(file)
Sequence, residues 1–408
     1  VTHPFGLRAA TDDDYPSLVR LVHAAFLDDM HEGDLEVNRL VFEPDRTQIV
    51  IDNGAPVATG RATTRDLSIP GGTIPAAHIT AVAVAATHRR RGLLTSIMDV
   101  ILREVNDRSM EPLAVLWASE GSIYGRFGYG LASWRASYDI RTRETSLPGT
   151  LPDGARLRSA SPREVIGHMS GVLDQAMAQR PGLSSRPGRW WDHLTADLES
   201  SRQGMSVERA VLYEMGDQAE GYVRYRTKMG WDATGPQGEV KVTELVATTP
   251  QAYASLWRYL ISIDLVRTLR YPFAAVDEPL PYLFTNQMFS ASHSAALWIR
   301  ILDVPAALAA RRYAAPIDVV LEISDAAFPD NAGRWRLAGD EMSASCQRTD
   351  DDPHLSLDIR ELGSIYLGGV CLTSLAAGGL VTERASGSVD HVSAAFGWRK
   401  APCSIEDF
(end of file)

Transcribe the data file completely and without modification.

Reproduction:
Sequence, residues 1–408
     1  VTHPFGLRAA TDDDYPSLVR LVHAAFLDDM HEGDLEVNRL VFEPDRTQIV
    51  IDNGAPVATG RATTRDLSIP GGTIPAAHIT AVAVAATHRR RGLLTSIMDV
   101  ILREVNDRSM EPLAVLWASE GSIYGRFGYG LASWRASYDI RTRETSLPGT
   151  LPDGARLRSA SPREVIGHMS GVLDQAMAQR PGLSSRPGRW WDHLTADLES
   201  SRQGMSVERA VLYEMGDQAE GYVRYRTKMG WDATGPQGEV KVTELVATTP
   251  QAYASLWRYL ISIDLVRTLR YPFAAVDEPL PYLFTNQMFS ASHSAALWIR
   301  ILDVPAALAA RRYAAPIDVV LEISDAAFPD NAGRWRLAGD EMSASCQRTD
   351  DDPHLSLDIR ELGSIYLGGV CLTSLAAGGL VTERASGSVD HVSAAFGWRK
   401  APCSIEDF